China’s exports posted strong growth again last month, extending an upward trend on the back of a consumption rebound among its major trading partners, official data showed Saturday.
Inbound shipments, however, cooled after a surge in September — with analysts expecting that a drop in import prices weighed on headline numbers.
Although the coronavirus pandemic has battered countries worldwide, foreign trade in the world’s second-largest economy fared better than expected, buoyed by healthcare shipments.
Exports rose 11.4 percent on-year in October, customs data showed, better than the 8.9 percent growth predicted by a Bloomberg poll of economists.
This marks the fastest pace since March last year, supporting China’s economic recovery after lockdowns this year to curb the spread of Covid-19.
Imports, meanwhile, grew 4.7 percent, short of the 8.8 percent on-year rise expected.
The customs administration said Saturday that China’s exports of mechanical and electrical products rose in the first 10 months, as did outbound shipments of textiles including face masks, which rose around 35 percent from a year ago.
Tommy Xie, head of Greater China research at OCBC Bank, told AFP a key driver for October’s exports was shipments to the US, noting this could be due to “frontloading… partially because of concerns over a further escalation of tensions, and also ahead of the US elections”.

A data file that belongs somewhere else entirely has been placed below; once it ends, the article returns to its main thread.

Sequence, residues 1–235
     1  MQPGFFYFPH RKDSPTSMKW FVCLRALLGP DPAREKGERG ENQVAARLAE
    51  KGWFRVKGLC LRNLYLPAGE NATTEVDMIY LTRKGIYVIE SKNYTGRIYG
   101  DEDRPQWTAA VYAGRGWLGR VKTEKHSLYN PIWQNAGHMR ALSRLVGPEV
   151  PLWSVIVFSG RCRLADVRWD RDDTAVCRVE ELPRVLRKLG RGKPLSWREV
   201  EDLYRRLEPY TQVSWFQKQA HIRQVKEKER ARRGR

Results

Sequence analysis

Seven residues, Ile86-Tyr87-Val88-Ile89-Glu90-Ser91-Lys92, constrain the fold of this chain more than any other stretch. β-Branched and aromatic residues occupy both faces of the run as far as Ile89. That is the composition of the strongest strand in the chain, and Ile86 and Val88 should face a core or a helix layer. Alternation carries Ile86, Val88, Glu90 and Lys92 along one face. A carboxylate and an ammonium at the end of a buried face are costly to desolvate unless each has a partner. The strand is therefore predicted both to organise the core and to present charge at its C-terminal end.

US-China ties have grown increasingly strained in recent years, under President Donald Trump.
Although imports were below expectations, Xie noted that shipments remained robust for iron ore and integrated circuits amid tensions with Australia — a key exporter of the commodity.
Iris Pang, ING chief economist for Greater China, added that a long holiday in early October could also have weighed on imports.
Capital Economics cautioned in a report this week, however, that recent data pointed to a drop in new export orders in October, signalling that “foreign demand has started to soften following fresh lockdowns abroad”.
The resurgence of infections in key markets — including the US and Europe — could hit overseas demand, while China has made a renewed push this year for local consumption to underpin growth.
“Most measures suggest that domestic demand continued to strengthen and the infrastructure investment at the heart of the ongoing stimulus is particularly import-intensive,” said Capital Economics.
Meanwhile, China’s trade surplus with the US — the core gripe in Washington in the bruising trade war — rose around 19 percent from last year to $31.4 billion in October.
This widened slightly from the $30.8 billion seen in the month before, marking one of the larger surpluses this year according to Chinese figures.
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